The Current Plurality Voting System Essay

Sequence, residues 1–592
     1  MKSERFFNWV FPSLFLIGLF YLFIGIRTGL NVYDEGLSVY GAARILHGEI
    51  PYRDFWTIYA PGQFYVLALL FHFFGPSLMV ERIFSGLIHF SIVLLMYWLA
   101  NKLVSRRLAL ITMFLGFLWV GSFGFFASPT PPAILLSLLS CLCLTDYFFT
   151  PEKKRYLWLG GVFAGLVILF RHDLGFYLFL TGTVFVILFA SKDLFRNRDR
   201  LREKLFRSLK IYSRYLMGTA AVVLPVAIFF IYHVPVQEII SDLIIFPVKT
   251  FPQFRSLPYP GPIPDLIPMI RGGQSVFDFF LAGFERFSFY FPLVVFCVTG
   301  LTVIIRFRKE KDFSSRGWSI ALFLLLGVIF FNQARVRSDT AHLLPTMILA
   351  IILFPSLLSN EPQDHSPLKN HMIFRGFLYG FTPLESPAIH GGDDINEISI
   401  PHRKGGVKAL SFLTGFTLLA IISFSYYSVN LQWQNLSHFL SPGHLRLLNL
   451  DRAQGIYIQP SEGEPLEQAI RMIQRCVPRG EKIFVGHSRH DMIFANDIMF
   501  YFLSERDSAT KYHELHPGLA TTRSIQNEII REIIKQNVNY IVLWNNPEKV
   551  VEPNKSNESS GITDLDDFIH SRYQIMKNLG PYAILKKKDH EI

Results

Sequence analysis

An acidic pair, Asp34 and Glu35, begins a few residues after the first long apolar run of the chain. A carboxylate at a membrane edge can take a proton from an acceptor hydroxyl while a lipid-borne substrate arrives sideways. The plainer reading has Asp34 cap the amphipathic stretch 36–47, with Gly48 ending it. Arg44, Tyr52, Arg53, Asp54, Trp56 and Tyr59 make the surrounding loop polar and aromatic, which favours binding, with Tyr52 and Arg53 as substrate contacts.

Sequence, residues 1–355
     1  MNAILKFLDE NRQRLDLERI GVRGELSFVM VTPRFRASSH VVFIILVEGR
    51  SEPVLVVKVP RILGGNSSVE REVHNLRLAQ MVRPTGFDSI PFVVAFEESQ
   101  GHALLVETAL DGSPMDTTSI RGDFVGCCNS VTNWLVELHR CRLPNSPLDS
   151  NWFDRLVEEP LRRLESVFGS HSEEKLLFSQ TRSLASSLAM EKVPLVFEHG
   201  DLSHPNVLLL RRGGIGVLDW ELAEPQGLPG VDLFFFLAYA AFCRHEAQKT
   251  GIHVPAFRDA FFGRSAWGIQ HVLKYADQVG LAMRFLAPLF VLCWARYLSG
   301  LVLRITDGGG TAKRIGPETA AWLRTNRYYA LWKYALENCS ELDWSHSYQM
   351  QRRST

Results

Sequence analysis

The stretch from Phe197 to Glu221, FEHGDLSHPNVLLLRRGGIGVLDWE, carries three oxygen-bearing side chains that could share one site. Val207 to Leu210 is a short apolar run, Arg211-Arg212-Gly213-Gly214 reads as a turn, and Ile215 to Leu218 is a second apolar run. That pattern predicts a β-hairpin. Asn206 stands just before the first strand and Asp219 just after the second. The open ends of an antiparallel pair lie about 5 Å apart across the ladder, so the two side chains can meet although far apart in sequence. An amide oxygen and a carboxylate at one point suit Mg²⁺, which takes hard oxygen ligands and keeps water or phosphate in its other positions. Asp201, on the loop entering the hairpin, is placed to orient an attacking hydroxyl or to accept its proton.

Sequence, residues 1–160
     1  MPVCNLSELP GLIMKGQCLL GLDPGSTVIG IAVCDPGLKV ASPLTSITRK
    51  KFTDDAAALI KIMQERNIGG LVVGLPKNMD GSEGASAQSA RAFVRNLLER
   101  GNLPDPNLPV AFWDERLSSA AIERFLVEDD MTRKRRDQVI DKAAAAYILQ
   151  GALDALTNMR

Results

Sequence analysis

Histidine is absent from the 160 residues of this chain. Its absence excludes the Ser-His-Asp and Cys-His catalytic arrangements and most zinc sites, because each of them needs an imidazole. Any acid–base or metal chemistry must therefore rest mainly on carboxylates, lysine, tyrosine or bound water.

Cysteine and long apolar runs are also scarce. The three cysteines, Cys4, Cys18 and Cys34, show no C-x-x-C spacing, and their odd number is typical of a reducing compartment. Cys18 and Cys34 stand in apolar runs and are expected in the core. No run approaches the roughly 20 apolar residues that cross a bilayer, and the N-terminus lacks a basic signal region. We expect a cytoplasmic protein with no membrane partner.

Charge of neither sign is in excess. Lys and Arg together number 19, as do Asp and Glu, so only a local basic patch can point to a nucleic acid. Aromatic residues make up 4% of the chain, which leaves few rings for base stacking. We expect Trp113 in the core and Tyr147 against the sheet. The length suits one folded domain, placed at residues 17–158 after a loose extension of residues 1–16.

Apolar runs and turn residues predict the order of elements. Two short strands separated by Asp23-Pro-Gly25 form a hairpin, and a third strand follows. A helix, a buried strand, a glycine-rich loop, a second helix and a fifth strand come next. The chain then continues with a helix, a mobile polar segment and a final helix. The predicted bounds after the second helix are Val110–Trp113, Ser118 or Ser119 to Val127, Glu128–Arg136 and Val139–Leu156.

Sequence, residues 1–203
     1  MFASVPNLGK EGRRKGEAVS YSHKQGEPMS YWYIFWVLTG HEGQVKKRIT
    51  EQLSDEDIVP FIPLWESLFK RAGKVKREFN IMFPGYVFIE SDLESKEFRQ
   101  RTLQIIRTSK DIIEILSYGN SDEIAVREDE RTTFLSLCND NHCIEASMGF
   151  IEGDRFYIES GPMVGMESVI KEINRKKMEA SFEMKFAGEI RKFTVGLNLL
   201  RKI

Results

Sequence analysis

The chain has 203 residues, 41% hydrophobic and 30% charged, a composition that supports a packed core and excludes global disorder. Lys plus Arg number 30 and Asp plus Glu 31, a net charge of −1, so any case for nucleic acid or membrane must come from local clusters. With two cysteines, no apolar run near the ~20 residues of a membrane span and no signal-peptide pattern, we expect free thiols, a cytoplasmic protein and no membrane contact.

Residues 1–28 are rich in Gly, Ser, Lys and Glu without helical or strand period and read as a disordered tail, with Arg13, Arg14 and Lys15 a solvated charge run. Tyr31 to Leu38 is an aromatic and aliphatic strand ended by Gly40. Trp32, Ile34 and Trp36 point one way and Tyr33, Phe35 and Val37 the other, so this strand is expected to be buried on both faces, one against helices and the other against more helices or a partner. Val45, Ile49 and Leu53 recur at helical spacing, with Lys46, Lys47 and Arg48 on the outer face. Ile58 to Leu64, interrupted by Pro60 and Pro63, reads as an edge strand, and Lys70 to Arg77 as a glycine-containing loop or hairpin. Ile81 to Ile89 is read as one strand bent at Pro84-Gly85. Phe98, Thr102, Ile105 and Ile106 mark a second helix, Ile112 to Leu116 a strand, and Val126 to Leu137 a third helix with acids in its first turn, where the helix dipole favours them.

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The current plurality voting system in Canada is regularly attacked for unfairly representing the popular vote and giving some parties a disproportionate amount of legislative power while leaving others with none. Opponents contend that other electoral systems would be far superior and provide a better democracy. Proportional representation (PR) is usually cited as the best alternative; the debate of proportional representation versus plurality often hinges on the balance between fairness and efficiency. Without attempting the political calculus to determine the rate at which fairness should be sacrificed for efficiency, this paper will address the very claim that PR is more fair than the plurality system. The proponents contend that PR is a more accurate representation of the electorate 's vote, that no votes are wasted, and that the will of the people translates into government better than the plurality system; however, the experience of New Zealand challenges that assertion. This paper will establish that the current plurality system produces a government that is more effective, better represents the people, and is more transparent than the proposed alternatives, namely proportional representation. The founding principles of democracy are the will of the people and the rule of law. The former meaning that the citizens ' beliefs, desires, etc. are translated into the government. The latter meaning that all individuals have equality under the law and that each individual

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